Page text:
rituals and traditions
of Ngöbe Art *History, Legends, and Mythology of Ngöbe Art
*The Artistic Process
Artisan Rituals and Traditions
The feminine rite of passage, Mogön, is divided in two parts: the first immediately follows when the girl observes a change in her body, and is isolated for 4 days; the other part lasts the following 4 weeks, and all this ends in a party.
When the girl arrives at puberty, the mother explains important things about preventative hygiene and all the things that she will need to know to be a woman. After this talk, in the dry season, the mother and the girl build a little provisional house at the shore of the river. In the rainy season the girl is isolated in a small room in the family house.
During 4 days the girl lives with 4 older women, in the house or isolated room, to learn some important elements of being a woman: to clear a vegetable garden and sweep the house, do laundry, cook, and all the things that she doesn't know. But the Señora Suzana Bejerano, from the community of Soloy, says "that it is prohibited to sew a dress during this ritual, because it causes pain in the body." In these days they work all day and all night, and don't sleep much.
The chacaras that they make during Mogön are very special. In the beginning the girls learn to make very simple chacaras; those that are not decorated with designs. In general they use the fibers of Kiga or Kunzugara (local plants), and learn how to roll the fiber to a thread, and after start to make the chacara. The special chacaras of Mogön are given to the older women who have a good knowledge of chacara confection. When the girl already knows how to weave chácaras, the women teach her various designs, or instruct her in the preparation of fibers or natural dyes. The girl has to make a chacara every day, so that there are 4 chacaras after the first part of Mogön.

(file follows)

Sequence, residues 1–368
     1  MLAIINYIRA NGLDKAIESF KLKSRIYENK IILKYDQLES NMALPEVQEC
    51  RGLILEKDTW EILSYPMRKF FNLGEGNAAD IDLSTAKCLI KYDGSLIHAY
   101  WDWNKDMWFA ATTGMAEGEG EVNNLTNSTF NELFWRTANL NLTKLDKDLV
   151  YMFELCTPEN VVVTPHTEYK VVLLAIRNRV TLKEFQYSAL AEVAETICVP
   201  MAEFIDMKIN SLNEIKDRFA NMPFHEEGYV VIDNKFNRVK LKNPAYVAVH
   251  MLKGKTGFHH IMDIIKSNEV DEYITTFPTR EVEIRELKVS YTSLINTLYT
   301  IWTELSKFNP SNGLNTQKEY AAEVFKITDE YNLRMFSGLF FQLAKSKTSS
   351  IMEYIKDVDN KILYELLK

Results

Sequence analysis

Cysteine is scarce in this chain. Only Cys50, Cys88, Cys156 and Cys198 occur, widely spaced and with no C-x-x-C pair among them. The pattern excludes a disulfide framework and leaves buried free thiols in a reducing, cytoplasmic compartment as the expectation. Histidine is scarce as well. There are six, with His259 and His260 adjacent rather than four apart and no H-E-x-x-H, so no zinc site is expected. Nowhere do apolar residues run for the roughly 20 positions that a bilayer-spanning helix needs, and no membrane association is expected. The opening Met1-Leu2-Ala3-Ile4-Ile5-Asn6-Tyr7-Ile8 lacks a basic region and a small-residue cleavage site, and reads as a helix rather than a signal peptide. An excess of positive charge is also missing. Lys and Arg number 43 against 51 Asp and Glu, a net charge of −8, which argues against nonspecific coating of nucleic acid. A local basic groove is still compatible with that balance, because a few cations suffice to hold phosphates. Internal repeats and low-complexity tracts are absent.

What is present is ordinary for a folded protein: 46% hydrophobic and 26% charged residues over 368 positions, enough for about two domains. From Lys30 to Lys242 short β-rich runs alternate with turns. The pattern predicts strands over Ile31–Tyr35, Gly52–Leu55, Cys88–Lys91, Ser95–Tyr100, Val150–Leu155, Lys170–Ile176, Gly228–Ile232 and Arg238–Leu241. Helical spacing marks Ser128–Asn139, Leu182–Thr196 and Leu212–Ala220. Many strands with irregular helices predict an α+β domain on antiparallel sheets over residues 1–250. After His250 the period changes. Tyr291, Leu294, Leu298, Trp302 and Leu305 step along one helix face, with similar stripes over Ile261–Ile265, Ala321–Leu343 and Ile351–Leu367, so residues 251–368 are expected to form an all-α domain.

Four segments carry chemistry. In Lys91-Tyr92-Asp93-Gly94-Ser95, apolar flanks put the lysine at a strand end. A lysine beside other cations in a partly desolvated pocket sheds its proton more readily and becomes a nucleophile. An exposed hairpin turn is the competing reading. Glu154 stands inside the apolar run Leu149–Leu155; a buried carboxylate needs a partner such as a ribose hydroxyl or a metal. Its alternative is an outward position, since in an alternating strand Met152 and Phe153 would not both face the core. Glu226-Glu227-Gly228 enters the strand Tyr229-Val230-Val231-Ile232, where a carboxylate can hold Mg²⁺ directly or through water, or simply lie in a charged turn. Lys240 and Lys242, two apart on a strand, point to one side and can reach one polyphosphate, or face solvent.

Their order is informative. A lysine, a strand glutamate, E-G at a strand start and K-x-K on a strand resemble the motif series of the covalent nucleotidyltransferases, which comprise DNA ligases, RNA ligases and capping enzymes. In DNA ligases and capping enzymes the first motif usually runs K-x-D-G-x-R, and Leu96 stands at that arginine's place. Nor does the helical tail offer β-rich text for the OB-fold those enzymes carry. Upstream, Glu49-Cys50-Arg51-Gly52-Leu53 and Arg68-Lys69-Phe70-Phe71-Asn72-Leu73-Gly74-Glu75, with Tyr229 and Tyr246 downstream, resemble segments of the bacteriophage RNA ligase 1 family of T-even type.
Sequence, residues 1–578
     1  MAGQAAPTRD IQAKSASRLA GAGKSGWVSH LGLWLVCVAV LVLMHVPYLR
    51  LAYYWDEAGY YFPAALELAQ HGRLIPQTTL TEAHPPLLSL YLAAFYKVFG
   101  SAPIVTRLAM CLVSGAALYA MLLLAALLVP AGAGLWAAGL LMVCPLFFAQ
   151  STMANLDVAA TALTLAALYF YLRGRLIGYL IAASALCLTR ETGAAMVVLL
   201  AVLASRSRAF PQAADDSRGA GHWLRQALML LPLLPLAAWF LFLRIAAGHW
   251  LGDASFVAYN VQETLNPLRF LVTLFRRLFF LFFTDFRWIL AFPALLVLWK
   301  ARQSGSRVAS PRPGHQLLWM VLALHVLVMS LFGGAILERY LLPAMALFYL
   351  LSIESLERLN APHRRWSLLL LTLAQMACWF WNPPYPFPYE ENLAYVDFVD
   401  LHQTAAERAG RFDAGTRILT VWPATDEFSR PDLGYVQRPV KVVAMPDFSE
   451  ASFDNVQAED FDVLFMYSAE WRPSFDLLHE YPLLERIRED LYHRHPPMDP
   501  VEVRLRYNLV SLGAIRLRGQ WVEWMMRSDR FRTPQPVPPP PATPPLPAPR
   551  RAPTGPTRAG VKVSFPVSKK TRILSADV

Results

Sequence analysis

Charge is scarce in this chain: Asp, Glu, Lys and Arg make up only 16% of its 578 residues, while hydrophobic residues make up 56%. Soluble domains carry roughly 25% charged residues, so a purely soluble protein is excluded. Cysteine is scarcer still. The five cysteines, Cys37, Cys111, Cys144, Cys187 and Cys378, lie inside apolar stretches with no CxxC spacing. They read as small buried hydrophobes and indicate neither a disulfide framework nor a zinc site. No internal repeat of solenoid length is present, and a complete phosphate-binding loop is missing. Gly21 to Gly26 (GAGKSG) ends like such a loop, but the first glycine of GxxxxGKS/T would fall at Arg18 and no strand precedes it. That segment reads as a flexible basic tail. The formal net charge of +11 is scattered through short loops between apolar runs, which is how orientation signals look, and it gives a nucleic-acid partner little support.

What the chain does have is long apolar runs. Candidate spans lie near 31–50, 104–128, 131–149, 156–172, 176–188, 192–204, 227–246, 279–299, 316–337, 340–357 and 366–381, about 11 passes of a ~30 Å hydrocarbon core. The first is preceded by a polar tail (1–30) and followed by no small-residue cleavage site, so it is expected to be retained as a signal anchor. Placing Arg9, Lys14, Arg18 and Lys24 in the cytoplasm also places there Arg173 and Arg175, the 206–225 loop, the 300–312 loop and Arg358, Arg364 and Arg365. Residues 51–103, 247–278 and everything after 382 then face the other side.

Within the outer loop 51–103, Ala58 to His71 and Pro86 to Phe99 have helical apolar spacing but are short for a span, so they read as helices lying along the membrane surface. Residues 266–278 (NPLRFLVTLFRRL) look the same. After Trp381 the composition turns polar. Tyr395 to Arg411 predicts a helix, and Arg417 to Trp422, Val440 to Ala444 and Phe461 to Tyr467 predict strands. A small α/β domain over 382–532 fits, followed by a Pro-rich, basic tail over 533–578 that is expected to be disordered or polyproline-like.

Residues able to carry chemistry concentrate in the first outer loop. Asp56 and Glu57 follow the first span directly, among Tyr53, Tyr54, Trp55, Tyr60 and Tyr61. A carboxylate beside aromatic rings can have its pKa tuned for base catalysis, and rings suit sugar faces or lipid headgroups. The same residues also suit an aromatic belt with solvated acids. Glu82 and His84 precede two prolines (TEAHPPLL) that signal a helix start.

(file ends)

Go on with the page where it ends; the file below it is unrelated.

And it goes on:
In the nights the women take the girl to the river, where they sit down on a rock. Each one of them has to throw water on her head 4 times during the 4 days. The girl is undressed in this ceremony, to be acquainted with the shame in front of other persons. They say that the girl "also should take precautions to save herself and should do it with a twig or small branch but never with her nails" (Torres de Arauz, 1980). On the fourth night the first part of Mogön finishes, with the cutting of the hair. In earlier times, the hair was left very short, but currently it is more common to cut a little in the front.
During these 4 days and the 4 additional weeks, she has to eat a specific diet: she cannot eat beef, fish, sugar or salt. The girl can eat a special plate of bananas. Also, she is prohibited to dress in red clothes or paint her face with red. And she must be protected from the sun.
In the 4 weeks following these 4 days, the girl lives semi-isolated in the family house, and has to help the mother in all her domestic labors. She cannot speak or laugh with anyone except her mother and also she should not serve the meals. She weaves chacaras like she learned at the beginning of the Mogön.